President Obama is a different kind of cat. Amid all the vitriol and vituperation, all the ignorance and ignominy, all the petty pride and partisan politics of the health care debate, he has maintained his cool. While each side, right and left, has raged against this or for that, he has held himself apart (some might say aloof) from the donnybrook. Even in the face of undignified and racist remarks about his citizenship and faith on the one hand, and outraged accusations about betrayal and lack of conviction on the other. (I'm part of that latter group.)
And just when it seemed the health care debate had petered out, a victim of the rancorous partisan atmosphere that asserts itself whenever Congress is left to its own devices, he pulls a symbolic rabbit out of his hat: the Blair House health care summit.
It is hard to imagine that the summit, which occurs today, will be viewed by the American public as anything other than a magnanimous gesture by the President. We all saw the nasty and ignorant signs that the tea-baggers were waving around during their summer histrionics: Obama with a Hitler moustache; Obama as a tribal shaman; Obama as a radical Muslim cleric. It takes a cool cucumber to ignore all that and continue to make conciliatory gestures toward the very people (Senator Chuck Grassley, Minority House Leader John Boehner, et alia) who did their best to foment it.
But, of course, let's not be ignorant of the President's motives regarding the summit. First and foremost, it is a trap for the Republicans. They may have flirted with the idea of boycotting the event, but that was never really an option for them. They have to appear to be cooperating; they have to seem to be interested in the concerns of the American public, which, while perhaps not supporting the President's plan, still overwhelmingly recognizes the need for some kind of reform. (And thank you very much, Wellpoint, for underscoring that reality with your obscene rate hikes.)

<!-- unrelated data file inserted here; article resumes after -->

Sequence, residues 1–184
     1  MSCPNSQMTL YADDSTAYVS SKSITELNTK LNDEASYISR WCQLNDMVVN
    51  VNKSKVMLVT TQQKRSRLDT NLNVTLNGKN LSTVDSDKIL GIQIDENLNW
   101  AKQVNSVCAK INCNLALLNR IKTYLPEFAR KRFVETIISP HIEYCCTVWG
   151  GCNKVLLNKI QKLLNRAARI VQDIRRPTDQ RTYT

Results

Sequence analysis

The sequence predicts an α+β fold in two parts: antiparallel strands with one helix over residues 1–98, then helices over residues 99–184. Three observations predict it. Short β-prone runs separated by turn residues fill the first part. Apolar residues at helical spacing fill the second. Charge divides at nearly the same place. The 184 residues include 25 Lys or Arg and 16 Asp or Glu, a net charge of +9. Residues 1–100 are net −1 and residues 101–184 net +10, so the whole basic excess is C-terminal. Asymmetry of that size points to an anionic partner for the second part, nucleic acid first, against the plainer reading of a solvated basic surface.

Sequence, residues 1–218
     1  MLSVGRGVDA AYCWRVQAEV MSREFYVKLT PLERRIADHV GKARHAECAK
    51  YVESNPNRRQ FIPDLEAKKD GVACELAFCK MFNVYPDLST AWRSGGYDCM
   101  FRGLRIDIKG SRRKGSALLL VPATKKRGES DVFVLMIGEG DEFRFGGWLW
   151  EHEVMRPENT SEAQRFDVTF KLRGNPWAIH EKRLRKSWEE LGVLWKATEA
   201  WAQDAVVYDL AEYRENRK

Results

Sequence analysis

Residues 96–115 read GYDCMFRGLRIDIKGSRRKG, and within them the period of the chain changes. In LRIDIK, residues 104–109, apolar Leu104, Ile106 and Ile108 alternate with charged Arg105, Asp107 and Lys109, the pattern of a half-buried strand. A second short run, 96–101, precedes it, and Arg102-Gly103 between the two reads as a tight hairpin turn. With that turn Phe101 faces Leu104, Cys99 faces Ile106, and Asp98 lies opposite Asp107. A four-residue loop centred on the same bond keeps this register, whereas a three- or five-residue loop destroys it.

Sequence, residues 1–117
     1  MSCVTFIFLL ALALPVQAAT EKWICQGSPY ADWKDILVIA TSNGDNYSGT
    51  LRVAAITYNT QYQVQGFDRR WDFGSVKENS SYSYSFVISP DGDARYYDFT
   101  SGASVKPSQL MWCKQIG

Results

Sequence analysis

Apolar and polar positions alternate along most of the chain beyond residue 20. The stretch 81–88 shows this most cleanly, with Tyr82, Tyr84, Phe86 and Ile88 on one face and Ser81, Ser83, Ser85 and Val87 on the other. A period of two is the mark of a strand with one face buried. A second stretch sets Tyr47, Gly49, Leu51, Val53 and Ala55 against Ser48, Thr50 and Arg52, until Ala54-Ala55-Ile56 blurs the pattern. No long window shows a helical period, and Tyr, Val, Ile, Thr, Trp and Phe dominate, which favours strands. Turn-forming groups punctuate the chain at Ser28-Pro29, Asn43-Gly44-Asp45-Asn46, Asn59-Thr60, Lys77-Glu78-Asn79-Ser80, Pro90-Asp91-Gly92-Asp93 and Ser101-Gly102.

And yet, Republicans also cannot really come out of the summit appearing to cooperate with the President. Their base, those enlightened beings with the Lipton tea bags hanging from their hats, would blow its collective stack at such a development, leaving Republicans with none beyond their fat cat constituency (bankers, corporatists) who, although generous enough with their campaign contributions, don't have many votes.
The President cant' really lose, no matter what happens. He's no real friend to the progressive movement, as he will gladly point out. ("I'm not an ideologue," he recently told the House Republican caucus.) So it's no skin off his shoulder if a health care reform bill turns out to be a glorified sop to the health insurance industry. The Republicans have done him the service of providing themselves as a scape-goat on that score.
But even if, at the end of the summit, Republicans leap in front of the microphones to complain about being frozen out, even if they vow not to cooperate, the President has the trump card of reconciliation to pass the legislation. And congressional Democrats will use it. Because they have to pass something. They cannot go into the fall elections without having a health care reform bill to hold up as an accomplishment. If they do it right, they might even reverse the political tide that, as of the moment, threatens to swamp them in November.
So, if I'm right about all this (and I could very well be wrong), the health care summit is destined to be a win for the President. It's only a matter of degree.
Shrewd, Mr. President. Very shrewd.
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